Depressant or Anti-Depressant? Current Science Behind Marijuana & Mental Health

In the last 20 to 30 years, there has been significant debate around the science behind cannabis and what it does to the human mental state. At high doses, paranoia and anxiousness are not uncommon for the less seasoned smoker, so the ‘common-sense’ approach from opposers of the drug is that it can only make existing conditions work. So where does the scientific perspective rest? I’d like to discuss some very recent research that has been done in the field that reveal some interesting information. As with any studies around the drug, its illegality has hindered keeping a steady and efficient flow of research, but what has surfaced is intriguing to say the very least.

Cannabis Can Prevent The Effects of Stress-Related Depression

Yup. You read it right. The fine people over at The Weed Blog & The Joint Blog posted some findings from the National Institute Of Health earlier in the week that tested the activation of cannabinoid receptors on animal models. They were trying to establish a link between this activation and the prevention of Chronic Mild Stress (CMS) and activity in the brain (I removed complicated words here) that can cause stress-related depression. The results? ““The findings suggest that enhancing cannabinoid signaling could represent a novel approach to the treatment of cognitive deficits that accompany stress-related depression.” In my attempt to describe it more in layman terms – smoking cannabis (which activates cannabinoid receptors in our brain) steps in and reduces in the impact of stress on the brain and decreases the chances of it doing short and long term damage on the mental health of any given individual. This news serves as further evidence for governments and conservatives who believe the drug has no medical value, and could see marijuana rise to the forefront of the anti-depressant movement, which is filled with ridiculous, sometimes under-researched drugs that many users report have little to no positive effects on them.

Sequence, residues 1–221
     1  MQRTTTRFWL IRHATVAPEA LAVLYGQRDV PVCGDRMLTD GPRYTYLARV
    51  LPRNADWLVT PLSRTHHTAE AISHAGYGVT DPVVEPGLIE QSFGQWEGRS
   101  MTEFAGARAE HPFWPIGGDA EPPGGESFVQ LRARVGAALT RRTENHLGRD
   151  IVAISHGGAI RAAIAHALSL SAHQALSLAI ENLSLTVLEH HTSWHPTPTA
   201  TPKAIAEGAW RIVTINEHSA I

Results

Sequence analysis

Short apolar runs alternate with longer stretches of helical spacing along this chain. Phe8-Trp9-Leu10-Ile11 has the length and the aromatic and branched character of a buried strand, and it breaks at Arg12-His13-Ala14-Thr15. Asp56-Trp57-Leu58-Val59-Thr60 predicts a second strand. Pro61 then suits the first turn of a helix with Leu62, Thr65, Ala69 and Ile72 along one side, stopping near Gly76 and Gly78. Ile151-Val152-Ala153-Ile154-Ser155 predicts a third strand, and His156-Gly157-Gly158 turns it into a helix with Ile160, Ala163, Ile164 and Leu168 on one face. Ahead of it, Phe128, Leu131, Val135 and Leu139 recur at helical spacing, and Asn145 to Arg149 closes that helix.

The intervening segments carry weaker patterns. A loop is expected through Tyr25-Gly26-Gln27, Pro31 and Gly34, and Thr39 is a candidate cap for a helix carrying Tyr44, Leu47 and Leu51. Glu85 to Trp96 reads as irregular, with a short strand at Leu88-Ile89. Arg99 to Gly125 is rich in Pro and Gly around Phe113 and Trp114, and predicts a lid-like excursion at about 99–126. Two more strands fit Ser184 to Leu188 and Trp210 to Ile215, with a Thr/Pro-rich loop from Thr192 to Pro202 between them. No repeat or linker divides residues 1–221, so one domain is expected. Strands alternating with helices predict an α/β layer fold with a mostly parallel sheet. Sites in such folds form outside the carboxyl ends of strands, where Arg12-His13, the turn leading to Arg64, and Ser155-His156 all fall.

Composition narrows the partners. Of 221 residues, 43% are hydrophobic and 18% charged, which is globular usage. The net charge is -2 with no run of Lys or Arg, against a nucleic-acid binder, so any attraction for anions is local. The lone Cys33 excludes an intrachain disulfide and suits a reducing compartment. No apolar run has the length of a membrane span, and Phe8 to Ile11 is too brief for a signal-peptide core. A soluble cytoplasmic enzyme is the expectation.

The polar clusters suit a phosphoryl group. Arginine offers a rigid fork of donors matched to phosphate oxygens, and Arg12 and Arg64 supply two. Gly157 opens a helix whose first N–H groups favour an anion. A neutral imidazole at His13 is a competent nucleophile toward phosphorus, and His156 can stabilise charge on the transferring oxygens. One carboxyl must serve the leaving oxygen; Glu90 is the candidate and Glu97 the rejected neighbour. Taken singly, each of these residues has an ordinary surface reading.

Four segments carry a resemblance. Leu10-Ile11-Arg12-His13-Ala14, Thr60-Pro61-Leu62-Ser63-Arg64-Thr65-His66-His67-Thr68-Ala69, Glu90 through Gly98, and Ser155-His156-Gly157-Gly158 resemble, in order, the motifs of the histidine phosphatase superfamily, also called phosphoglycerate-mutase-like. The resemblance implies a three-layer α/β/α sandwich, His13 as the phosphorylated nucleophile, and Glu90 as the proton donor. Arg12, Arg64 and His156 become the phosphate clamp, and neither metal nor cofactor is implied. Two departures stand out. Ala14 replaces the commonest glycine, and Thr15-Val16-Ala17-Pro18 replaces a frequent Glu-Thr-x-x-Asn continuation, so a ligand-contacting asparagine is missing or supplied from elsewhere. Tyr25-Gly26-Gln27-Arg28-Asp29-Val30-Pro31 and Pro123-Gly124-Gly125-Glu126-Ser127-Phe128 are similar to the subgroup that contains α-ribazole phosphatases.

Cannabis Can Relieve Anxiety

This seems like a bit of a “yeah, duh!” type statement, however many people are inclined to believe quite the contrary. In an older article (August 2013) published on the Weed Blog also, a US study funded by the National Institute Of Health (forerunners in this domain) and conducted by Vanderbilt University scientists, cannabinoids were tested on mice. The study found once again something remarkable in the activation of the cannabinoid receptors – that they can reduce anxious behaviors and unlike some prescription medicines, without any serious side effects. As the researchers mentioned, these findings are only really “scratching the surface” of this field, and it seems there is still much to be learnt about dosage and the finer details of treating anxiety and depression with cannabis.

So there you go, there are, after all, some scientific studies which are challenging common myths around marijuana and mental health. As always, more research needs to be done, and I’m inclined to believe cannabis has a bright future (for recreational and medical purposes) ahead given the social shift in attitudes that is currently taking place. The very fact we have cannabis receptors in our brain to be activated speaks volumes, and these findings are just the beginning of revealing the larger picture of just what exactly this process can do for us. The world of prescription medicine is a shady one, and the abuse of these drugs is becoming a large social and health-related problem in many Western countries. But what if the solution has been here, staring us in the face the whole time? Only time will tell.

 

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